The newly fallen

By 
  • November 2, 2007
{mosimage}Since 2002, Remembrance Days have taken on a special poignancy. The memories of loved ones fallen in battle are no longer from the distant past. Today, they include those who have died in Afghanistan.

The tragic loss of the more than 70 young Canadian soldiers in that conflict provokes emotions that still sear the hearts of those they left behind. They remind us, if we had ever forgotten, that war is hell.

In sheer numbers, the war in Afghanistan may not be comparable to the great military conflicts of our times. In the First World War (1914-1919), 628,736 Canadians fought and 66,573 died. In the Second World War (1939-1945), more than one million Canadians participated and 44,927 lost their lives. Even in the Korean War (1950-1953), 26,791 Canadians fought to unsuccessfully prevent the fall of North Korea into communist hands; 516 died. These major conflicts understandably left a permanent wound on Canadian society.

Yet, in an age of instantaneous communication and omnipresent mass media, each death in Afghanistan sends ripples of sadness, anger and dismay across the country. Canadians have been wounded and killed in the country’s many peacekeeping initiatives abroad, but never in such numbers as to make an impact on the public imagination. The battlefields around Kandahar are, for better or worse, today’s Ypres and Vimy Ridge.

Still, unlike in wars past, the sight of our young men and women dying in Afghanistan has not inspired images of the glories of war. For this lack of martial sentiment, at least, Canadians can take solace.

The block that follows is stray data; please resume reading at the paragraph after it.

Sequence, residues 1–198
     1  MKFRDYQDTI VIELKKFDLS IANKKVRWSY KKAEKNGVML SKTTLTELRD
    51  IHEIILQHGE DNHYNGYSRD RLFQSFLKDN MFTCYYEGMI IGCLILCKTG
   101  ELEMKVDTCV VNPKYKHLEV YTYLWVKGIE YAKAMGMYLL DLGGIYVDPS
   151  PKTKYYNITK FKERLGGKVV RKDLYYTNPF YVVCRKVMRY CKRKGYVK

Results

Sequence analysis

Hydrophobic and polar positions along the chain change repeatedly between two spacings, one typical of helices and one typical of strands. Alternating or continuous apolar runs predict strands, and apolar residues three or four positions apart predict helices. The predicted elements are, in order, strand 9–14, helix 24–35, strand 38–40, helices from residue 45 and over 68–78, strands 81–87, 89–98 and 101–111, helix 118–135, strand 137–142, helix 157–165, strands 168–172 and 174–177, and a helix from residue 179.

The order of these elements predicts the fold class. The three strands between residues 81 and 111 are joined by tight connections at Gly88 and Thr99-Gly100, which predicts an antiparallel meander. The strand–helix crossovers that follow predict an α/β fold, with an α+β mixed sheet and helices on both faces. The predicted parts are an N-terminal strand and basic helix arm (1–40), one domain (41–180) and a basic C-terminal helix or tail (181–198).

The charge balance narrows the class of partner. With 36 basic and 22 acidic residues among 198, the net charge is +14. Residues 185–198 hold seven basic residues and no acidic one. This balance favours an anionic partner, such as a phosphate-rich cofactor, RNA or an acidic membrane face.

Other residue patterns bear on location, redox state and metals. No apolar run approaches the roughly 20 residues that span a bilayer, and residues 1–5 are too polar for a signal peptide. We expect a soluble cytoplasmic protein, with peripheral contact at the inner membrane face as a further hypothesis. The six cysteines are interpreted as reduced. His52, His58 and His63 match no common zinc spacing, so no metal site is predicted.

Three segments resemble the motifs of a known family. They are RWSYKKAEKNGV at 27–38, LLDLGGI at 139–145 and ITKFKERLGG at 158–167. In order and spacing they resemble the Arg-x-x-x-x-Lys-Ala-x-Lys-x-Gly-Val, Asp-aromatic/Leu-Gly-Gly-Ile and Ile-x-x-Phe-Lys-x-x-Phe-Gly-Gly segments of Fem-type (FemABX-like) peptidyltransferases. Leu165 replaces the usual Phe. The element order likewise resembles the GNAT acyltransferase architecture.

And so we should remember our fallen in Afghanistan on Nov. 11. Not out of patriotic fervour or sentimentality, but out of deep sadness and, in fact, anger. We should be angry that Canadians are dying in such a far-away country. And we should ask angry questions of our government. Why does there seem to be such a complacent attitude about the Canadian mission in Afghanistan that Prime Minister Stephen Harper can say with imperturbability that he expects it to go on until at least 2011? What are the realistic chances of raising up a government and military there that isn’t fatally handicapped by corruption and incompetence? What realistic plan does Ottawa have to improve the situation, rather than just maintain a precarious status quo? When is the price too high?

Remembrance Days are not meant to be political statements. Nor are they moments for partisan jousting. Rather, they are about mourning — for the loss of those we loved, true, but also for all those who die innocently in conflagrations around the world. Our mourning, though, should not lead to despair. Even as in dignified silence we pay our respect to those who have died in uniform and pray for their souls, let us also not forget that we owe them all a debt — to work constantly to prevent further deaths in war.

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